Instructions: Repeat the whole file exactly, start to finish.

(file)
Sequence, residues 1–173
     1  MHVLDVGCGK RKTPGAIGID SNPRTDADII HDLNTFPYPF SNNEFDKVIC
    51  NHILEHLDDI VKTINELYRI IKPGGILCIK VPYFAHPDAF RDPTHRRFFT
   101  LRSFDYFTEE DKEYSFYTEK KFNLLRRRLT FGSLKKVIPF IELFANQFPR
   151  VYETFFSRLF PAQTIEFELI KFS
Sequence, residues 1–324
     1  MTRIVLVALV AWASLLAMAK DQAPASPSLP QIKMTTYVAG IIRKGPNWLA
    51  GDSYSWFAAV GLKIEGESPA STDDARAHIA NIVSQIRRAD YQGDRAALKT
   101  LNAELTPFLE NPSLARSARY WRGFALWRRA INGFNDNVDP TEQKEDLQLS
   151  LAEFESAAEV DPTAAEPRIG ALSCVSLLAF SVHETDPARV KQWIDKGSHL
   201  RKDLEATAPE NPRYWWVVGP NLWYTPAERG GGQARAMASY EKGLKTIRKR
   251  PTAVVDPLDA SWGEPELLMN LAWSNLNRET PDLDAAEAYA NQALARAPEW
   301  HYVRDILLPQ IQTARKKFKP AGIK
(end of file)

Sequence, residues 1–173
     1  MHVLDVGCGK RKTPGAIGID SNPRTDADII HDLNTFPYPF SNNEFDKVIC
    51  NHILEHLDDI VKTINELYRI IKPGGILCIK VPYFAHPDAF RDPTHRRFFT
   101  LRSFDYFTEE DKEYSFYTEK KFNLLRRRLT FGSLKKVIPF IELFANQFPR
   151  VYETFFSRLF PAQTIEFELI KFS
Sequence, residues 1–324
     1  MTRIVLVALV AWASLLAMAK DQAPASPSLP QIKMTTYVAG IIRKGPNWLA
    51  GDSYSWFAAV GLKIEGESPA STDDARAHIA NIVSQIRRAD YQGDRAALKT
   101  LNAELTPFLE NPSLARSARY WRGFALWRRA INGFNDNVDP TEQKEDLQLS
   151  LAEFESAAEV DPTAAEPRIG ALSCVSLLAF SVHETDPARV KQWIDKGSHL
   201  RKDLEATAPE NPRYWWVVGP NLWYTPAERG GGQARAMASY EKGLKTIRKR
   251  PTAVVDPLDA SWGEPELLMN LAWSNLNRET PDLDAAEAYA NQALARAPEW
   301  HYVRDILLPQ IQTARKKFKP AGIK